The Engineers and the Political System

THE COMPLAINT that “we don’t build things anymore” is one of the oldest ideas in Trumpism. It’s also one of the few ideas to generate a policy with genuine bipartisan support in the president’s painful first year in office. Health care and the politics of engagement with Nazis may have left Washington more divided than ever, but who’s going to say no to infrastructure spending? The bridges are crumbling, and everyone loves a bridge. Donald Trump wants America to rediscover its vocation as a nation of builders, and even his bitterest enemies are in on the racket. It’s not hard to understand the appeal of this macho revivalist fantasy. It fits the times. STEM is the hottest acronym in education, and the heroes of modern American business are all engineers of one variety or another. Meanwhile a new hegemonic rival has emerged across the Pacific, crudely caricatured as a nation of number-crunchers and builder-doers. The United States must keep pace, which means: more engineers, better engineers, more and better statisticians and scientists. Amid the West’s near-decade of failed experimentation with monetary policy, China’s rise has fed the idea that the road to durable growth will be dressed with new Parthenons. If they can do it, why can’t we?

Engineers enjoy a prestige in China that connects them to political power far more directly than in the United States. Steel mills and highways have provided China’s ticket to prosperity over the last three decades, and the professionals who design and build them have controlled the levers of political power as well. Xi Jinping is an engineer, as were Hu Jintao and Jiang Zemin before him. America, by contrast, has historically been governed by lawyers. That remains true today: there are 218 lawyers in Congress and 208 former businesspeople, according to the Congressional Research Service, but only eight engineers. (Science is even more severely underrepresented, with just three members in the House.) It’s unlikely that that balance will tilt meaningfully in favor of STEM-ers in the near term. But in another sense, the growing cultural capital of the engineers will inevitably translate to political power, whatever its form.

The engineering profession today is broad, much broader than it was in 1921 when Thorstein Veblen published The Engineers and the Price System, his classic pamphlet on industrial sabotage and government by technocrats. Engineering has outgrown the four traditional branches (chemical, civil, electrical, mechanical) to include all the professions in which the laws of mathematics and science are applied to real-world problems. If math and science are the pure academic research branches of STEM, tech and engineering are its practical heart. The hackers and dreamers of Silicon Valley are all — if not by formal training, then by intellectual disposition — engineers. Interaction with the political world has grown in line with the profession’s expanding intellectual boundaries. As politicians of all stripes clamber to board the Silicon Valley rocket ship, the projects of the engineering profession, especially in consumer tech, are themselves now participants in the political process. Today’s engineers don’t just furnish the infrastructure of everyday life; they also build our most dynamic arenas of public debate (Google, Facebook, Twitter). In a way that was never the case for previous generations, engineering today is politics, and politics engineering. Power is coming for the engineers, but are the engineers ready for power?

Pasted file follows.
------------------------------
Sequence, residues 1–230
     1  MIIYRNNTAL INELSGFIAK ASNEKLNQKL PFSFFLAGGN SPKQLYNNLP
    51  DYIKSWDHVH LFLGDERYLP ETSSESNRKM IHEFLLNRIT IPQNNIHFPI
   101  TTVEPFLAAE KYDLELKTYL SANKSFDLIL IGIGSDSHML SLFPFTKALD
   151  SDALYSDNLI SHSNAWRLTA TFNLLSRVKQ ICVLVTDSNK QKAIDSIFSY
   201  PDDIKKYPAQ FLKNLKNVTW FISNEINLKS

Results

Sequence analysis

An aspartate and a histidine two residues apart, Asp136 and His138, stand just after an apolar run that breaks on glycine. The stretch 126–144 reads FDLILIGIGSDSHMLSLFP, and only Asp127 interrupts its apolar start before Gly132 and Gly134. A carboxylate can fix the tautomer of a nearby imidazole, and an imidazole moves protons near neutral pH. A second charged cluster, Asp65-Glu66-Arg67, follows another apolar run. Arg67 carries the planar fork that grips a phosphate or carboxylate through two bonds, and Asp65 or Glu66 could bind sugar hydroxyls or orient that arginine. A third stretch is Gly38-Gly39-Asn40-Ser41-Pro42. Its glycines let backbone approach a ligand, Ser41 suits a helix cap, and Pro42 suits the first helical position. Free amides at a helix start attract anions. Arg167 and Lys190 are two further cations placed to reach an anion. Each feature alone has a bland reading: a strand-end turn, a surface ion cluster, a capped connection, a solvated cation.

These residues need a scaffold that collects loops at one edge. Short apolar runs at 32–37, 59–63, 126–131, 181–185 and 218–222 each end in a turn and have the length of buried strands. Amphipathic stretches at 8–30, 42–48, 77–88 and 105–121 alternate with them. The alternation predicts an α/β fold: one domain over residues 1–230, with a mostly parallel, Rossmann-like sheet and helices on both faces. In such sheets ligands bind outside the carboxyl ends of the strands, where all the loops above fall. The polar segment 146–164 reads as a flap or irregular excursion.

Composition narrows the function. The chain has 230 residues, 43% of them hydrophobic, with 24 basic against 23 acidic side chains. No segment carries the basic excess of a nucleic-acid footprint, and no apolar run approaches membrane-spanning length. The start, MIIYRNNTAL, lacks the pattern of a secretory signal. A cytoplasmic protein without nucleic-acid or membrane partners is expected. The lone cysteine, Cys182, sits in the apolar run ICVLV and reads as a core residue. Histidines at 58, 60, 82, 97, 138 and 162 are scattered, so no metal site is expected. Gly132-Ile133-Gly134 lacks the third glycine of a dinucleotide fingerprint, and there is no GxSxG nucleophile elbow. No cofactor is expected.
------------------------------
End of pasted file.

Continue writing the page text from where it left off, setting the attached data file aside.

It’s useful to reflect on Veblen’s work as the engineers enjoy this latest moment under the political sun. No American social critic has thought more carefully about the relationship between engineering and political power. Veblen used The Engineers and the Price System to outline a critique of financial capitalism that doubled as a call to arms for engineers to take control of the reins of government. In very basic form, his argument was that as capitalism had grown more complex, a class of financial managers had begun to exert control over businesses to the detriment of the engineers responsible for production. The job of these managers, in Veblen’s portrait, was to manipulate supply in order to juice profits. But engineering know-how was the indispensable alloy of production. This IP gave the engineers power. And engineers, Veblen argued, growing “uneasily ‘class-conscious’” as the “all-pervading mismanagement of industry” became plain, were “beginning to draw together and ask themselves, ‘What about it?’”. What about it indeed: Veblen predicted that engineers, formerly awestruck lieutenants of finance, would seize control of the country’s industrial system, ushering in a new era of planned economic management whose guiding principle would be the common good rather than private profit.

Alongside Wyndham Lewis’s 1931 portrayal of Hitler as a “celibate inhabitant of a modest Alpine chalet” more interested in vegetarianism than war, Veblen’s portrait of this approaching “soviet of technicians” — a political grouping as much as an economic one — ranks as one of the more comically inaccurate predictions of the interwar period. We all know what happened instead. Engineers did indeed throw off their habitual reserve and deference, but not in a spirit of class consciousness; they became dutiful capitalists themselves. The collapse of Veblen’s divide between the “financial managers” and the “industrial experts” led not to socialism but the birth of a new class of business-savvy engineer — what today we might call the “entrepreneur.”

But Veblen’s book was influential in other ways. It helped shape a certain idea of the engineer that took root throughout the 1920s: the engineer as a dispassionate problem solver, above the fray of ordinary commerce and politics, the engineer as capitalism’s savior. This carried over into the political domain and explains, at least in part, the rapture that greeted the election of Herbert Hoover, a mining engineer turned millionaire businessman and wartime humanitarian hero, as president in 1928. “The whole country was a vast, expectant gallery, its eyes focused on Washington,” wrote The New York Times a year later. “We had summoned a great engineer to solve our problems for us. […] The modern technical mind was for the first time at the head of a government. […] Almost with the air of giving genius its chance, we waited for the performance to begin.”